They survived in the wild in Europe until late in the Roman Empire and in 1847 were believed to be occasionally captured and exhibited in shows (venationes) in Roman amphitheatres such as the Colosseum. Aurochs horns were often used by Romans as hunting horns. Julius Caesar described aurochs in Gaul:
... those animals which are called uri. These are a little below the elephant in size, and of the appearance, colour, and shape of a bull. Their strength and speed are extraordinary; they spare neither man nor wild beast which they have espied. These the Germans take with much pains in pits and kill them. The young men harden themselves with this exercise, and practice themselves in this sort of hunting, and those who have slain the greatest number of them, having produced the horns in public, to serve as evidence, receive great praise. But not even when taken very young can they be rendered familiar to men and tamed. The size, shape, and appearance of their horns differ much from the horns of our oxen. These they anxiously seek after, and bind at the tips with silver, and use as cups at their most sumptuous entertainments.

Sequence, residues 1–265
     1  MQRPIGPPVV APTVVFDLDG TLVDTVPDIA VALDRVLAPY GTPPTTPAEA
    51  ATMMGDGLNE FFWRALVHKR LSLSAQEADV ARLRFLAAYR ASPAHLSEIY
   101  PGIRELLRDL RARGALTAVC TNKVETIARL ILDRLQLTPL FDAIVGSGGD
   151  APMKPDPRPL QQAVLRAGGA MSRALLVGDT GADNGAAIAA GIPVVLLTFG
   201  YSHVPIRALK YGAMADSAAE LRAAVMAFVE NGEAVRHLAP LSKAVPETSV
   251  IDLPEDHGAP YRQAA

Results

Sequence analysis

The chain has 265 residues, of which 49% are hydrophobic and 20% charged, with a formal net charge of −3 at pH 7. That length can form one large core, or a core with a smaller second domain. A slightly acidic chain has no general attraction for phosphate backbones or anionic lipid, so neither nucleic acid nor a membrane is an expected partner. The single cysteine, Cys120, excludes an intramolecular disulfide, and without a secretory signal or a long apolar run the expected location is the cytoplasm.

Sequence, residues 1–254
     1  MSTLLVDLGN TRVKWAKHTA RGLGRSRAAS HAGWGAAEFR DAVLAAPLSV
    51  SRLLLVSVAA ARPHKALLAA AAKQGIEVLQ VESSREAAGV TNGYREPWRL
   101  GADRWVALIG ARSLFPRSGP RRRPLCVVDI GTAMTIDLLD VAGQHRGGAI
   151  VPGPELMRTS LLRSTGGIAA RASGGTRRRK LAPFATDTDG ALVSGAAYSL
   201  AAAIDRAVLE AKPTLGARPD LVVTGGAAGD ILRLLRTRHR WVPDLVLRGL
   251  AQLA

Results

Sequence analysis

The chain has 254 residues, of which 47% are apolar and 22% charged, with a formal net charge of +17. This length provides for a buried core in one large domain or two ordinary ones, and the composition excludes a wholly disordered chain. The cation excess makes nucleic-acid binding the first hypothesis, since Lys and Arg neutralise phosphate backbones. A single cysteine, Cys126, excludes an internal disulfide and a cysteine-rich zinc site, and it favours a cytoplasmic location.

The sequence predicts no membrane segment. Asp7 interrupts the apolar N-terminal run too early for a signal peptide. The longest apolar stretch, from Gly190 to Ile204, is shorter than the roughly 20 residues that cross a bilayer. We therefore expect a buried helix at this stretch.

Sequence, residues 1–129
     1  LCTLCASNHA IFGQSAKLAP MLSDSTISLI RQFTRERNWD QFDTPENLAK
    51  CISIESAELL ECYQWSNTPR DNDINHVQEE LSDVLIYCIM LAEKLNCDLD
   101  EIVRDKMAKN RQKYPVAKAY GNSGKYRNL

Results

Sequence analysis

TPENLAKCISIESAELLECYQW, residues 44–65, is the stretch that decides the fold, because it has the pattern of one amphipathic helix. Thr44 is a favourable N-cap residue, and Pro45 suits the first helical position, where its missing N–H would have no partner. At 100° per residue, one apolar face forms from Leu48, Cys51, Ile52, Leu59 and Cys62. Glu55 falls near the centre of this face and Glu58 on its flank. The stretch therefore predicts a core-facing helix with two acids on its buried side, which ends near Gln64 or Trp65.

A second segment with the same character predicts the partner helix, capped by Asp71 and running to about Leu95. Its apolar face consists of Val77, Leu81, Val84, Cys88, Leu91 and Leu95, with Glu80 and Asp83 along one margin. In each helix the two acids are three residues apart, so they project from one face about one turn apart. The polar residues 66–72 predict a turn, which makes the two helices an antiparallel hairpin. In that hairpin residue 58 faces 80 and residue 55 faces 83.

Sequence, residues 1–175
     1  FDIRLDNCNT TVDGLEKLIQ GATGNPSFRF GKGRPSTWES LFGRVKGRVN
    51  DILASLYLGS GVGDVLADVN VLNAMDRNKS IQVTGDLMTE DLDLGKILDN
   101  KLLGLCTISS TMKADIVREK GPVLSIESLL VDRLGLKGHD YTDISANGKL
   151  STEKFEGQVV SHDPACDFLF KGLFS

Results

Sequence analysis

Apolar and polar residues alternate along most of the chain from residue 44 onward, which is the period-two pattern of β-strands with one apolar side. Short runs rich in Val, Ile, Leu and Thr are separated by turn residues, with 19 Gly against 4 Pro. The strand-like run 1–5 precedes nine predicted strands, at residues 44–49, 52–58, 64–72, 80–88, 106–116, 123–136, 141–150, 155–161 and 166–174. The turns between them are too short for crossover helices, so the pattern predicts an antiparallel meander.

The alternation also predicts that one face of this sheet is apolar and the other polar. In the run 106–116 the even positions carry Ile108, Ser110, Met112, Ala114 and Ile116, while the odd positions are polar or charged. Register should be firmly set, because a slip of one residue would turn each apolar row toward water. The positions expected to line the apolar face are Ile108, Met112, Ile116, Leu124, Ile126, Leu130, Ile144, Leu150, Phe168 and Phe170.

The Hebrew Bible contains numerous references to the untameable strength of the re'em, translated as "bullock" or "wild-ox" in Jewish translations and translated rather poorly in the King James Version as "unicorn", but recognized from the last century by Hebrew scholars as the aurochs.